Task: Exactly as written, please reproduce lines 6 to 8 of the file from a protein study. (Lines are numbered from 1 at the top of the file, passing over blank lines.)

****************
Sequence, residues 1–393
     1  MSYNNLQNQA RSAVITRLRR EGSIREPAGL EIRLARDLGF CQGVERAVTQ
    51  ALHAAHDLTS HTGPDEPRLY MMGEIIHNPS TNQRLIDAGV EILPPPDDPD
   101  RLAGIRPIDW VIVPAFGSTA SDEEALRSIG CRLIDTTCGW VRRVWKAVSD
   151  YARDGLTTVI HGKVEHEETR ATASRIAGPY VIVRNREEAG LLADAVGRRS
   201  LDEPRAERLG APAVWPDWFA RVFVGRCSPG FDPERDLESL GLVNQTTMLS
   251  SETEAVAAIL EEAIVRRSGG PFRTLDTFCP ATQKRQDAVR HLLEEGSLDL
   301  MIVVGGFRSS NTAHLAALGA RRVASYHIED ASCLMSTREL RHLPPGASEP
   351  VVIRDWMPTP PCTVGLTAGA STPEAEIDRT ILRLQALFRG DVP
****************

   201  LDEPRAERLG APAVWPDWFA RVFVGRCSPG FDPERDLESL GLVNQTTMLS
   251  SETEAVAAIL EEAIVRRSGG PFRTLDTFCP ATQKRQDAVR HLLEEGSLDL
   301  MIVVGGFRSS NTAHLAALGA RRVASYHIED ASCLMSTREL RHLPPGASEP